On International Overdose Awareness Day, new research considers post-mortem rights

Each year, on the 31st of August, people around the world come together to mark International Overdose Awareness Day. Initiated in 2001 by Melburnian Sally J Finn, International Overdose Awareness Day is an opportunity to pause, grieve, memorialise lives lost, and to stimulate frank conversations about overdose and other drug-related harms and how to prevent them.

In recent years, several countries including Australia have experienced an increase in the number of drug overdose deaths. This ongoing crisis, which has been exacerbated by the COVID-19 pandemic, requires multifaceted solutions. This is because there are a multitude of forces that shape overdose deaths, including the legacy of the war on drugs, the lack of drug treatment services for those who want to access them, and gaps in harm reduction services such as supervised injecting facilities. A drug overdose death is not inevitable but shaped by these forces. This is a critically important legal, political and social problem.

On International Overdose Awareness Day, we memorialise the lives of those we have lost. But how should we remember those lost to drug-related deaths, and what political and ethical issues might be at stake in this remembering? How are those we have lost depicted in these and other settings, such as the media? What does it mean when those who have died are not able to consent to or manage the ways their lives are subsequently represented? And how should the law respond when, for instance, graphic images of these deaths are circulated publicly?

A recent paper co-authored by GLaD Research Lead Associate Professor Kate Seear, ARCSHS Director Professor Suzanne Fraser and UNSW Scientia Fellow Annie Madden AO, and published in the Australian Feminist Law Journal, explored these issues. Titled ‘The problem of the subject: The politics of post-mortem rights in the aftermath of drug-related deaths’, it considers what values and concepts are available for assessing such questions, and whether they are they well suited to the distinctive issues raised by drug-related deaths.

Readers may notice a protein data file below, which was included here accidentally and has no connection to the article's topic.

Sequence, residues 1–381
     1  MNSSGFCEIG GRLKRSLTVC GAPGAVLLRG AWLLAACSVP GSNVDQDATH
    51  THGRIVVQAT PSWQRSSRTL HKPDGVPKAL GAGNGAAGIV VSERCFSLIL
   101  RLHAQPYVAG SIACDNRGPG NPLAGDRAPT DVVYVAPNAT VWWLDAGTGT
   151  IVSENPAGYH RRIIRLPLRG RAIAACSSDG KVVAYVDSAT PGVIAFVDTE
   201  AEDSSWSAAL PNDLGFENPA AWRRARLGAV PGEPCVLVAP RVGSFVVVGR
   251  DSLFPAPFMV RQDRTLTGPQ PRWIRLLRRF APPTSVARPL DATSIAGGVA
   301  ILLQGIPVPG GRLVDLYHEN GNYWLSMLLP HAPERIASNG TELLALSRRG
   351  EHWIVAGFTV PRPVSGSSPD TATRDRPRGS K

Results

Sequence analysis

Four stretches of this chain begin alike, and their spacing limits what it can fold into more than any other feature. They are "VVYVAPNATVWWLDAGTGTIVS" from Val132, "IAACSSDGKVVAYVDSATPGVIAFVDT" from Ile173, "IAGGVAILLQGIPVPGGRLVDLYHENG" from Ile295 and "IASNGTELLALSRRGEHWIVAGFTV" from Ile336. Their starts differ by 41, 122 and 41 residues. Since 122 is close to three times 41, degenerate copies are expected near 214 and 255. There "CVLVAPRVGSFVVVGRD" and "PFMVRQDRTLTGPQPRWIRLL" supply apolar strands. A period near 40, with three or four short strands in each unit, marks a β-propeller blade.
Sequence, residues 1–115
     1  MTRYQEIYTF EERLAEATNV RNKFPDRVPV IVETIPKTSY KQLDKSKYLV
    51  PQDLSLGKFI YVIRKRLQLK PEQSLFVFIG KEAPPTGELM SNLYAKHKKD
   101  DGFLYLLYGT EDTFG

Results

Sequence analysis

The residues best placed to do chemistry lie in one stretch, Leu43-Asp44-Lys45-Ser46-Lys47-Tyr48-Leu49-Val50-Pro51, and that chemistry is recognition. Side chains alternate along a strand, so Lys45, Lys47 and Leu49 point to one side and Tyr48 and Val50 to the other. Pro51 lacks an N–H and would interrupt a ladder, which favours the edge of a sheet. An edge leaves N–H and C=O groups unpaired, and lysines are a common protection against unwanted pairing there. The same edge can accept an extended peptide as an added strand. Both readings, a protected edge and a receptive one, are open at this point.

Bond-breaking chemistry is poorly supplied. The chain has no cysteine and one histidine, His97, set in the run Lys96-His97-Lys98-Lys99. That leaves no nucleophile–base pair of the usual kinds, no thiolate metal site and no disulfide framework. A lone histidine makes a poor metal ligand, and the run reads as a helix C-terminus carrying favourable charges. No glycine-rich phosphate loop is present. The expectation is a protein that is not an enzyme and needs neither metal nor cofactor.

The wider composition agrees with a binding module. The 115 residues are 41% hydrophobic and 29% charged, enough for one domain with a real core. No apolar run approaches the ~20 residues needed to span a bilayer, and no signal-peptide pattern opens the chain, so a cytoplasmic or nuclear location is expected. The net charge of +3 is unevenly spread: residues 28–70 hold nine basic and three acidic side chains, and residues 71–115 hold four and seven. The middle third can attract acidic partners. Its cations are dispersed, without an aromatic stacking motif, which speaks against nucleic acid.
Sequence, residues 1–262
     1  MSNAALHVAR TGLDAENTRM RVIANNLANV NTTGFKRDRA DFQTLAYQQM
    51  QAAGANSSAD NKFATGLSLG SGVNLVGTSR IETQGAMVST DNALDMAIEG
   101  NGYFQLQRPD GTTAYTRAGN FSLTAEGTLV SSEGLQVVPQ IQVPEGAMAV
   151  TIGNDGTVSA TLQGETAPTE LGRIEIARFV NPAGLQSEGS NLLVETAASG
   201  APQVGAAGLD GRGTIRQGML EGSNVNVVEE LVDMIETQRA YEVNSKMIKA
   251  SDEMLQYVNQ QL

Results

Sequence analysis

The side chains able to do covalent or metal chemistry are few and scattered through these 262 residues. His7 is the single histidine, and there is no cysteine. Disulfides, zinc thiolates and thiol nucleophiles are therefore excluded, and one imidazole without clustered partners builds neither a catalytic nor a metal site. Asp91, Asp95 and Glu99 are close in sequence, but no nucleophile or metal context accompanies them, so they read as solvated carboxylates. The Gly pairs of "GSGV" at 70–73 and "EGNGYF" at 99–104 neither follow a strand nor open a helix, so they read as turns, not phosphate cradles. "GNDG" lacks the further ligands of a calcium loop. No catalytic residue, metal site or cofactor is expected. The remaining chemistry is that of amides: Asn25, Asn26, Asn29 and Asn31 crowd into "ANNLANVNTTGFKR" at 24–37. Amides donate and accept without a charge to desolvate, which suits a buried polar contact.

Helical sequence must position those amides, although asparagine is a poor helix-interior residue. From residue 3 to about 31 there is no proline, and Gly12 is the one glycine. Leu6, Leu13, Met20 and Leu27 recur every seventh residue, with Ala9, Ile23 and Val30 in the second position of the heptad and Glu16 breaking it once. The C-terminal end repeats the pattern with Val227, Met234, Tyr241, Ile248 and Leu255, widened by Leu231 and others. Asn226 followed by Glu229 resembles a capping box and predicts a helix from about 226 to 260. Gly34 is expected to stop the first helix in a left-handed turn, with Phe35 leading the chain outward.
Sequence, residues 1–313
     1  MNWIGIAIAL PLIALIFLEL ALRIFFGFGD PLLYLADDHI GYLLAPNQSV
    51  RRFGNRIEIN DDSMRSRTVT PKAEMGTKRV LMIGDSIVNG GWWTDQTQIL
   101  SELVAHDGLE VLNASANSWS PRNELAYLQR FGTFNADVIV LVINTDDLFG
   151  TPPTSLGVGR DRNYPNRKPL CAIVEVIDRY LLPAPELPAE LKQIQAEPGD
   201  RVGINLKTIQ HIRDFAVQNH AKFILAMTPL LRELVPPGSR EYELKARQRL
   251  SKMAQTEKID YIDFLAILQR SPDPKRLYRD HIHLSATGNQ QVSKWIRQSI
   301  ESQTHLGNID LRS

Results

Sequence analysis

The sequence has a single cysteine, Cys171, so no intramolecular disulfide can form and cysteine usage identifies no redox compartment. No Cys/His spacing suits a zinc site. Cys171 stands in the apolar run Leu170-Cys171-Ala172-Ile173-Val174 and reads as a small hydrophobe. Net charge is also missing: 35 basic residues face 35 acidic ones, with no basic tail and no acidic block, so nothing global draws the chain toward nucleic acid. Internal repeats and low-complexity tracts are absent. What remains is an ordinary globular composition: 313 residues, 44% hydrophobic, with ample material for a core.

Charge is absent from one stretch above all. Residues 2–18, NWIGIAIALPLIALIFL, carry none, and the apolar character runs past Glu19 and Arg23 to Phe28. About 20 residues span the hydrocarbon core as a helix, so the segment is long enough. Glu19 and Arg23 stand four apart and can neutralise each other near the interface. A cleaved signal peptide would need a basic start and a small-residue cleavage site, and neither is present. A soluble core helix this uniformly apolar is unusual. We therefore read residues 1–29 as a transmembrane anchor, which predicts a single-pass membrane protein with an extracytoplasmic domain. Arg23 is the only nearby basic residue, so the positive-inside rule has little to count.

A key concept underpinning the law is that those who have died should have limited legal rights because they can feel no shame. The idea, in other words, is that the prospect of individual shame or humiliation should be a key guiding principle for the law. But this approach is flawed because it assumes that the capacity to feel shame whilst we are alive is what matters most. As lead author Kate Seear explains:

This overlooks how shame works, including the social, relational and constitutive dimensions of affect, and the work that death does on the people left behind. We can all be affected by the way our friends, family members and loved ones are remembered. The sharing of graphic images of drug-related deaths has the potential to shape how publics think about drug use, overdose deaths and the value of the lives that are lost to them. These images might move us in many ways, including in ways that dehumanise and stigmatise people who use drugs.

For people who use drugs, the question of what might be said about them – in life and in death – is not simply an individual concern or ‘problem’. The article argues that when people die, there is something at stake for those who still live. Those who live have the capacity to be affected by post-mortem practices, including the sharing of graphic images. The stakes may be higher when those who die have participated in or have been accused of highly stigmatised and criminalised activities, such as drug use.

The paper invites us to think about what other principles should shape legal approaches to those who have passed away, including a different approach to shame and affect. It concludes that existing approaches to post-mortem rights are in need of reform.

If you would like to hear more about this research or read the article, please contact the GLaD team.

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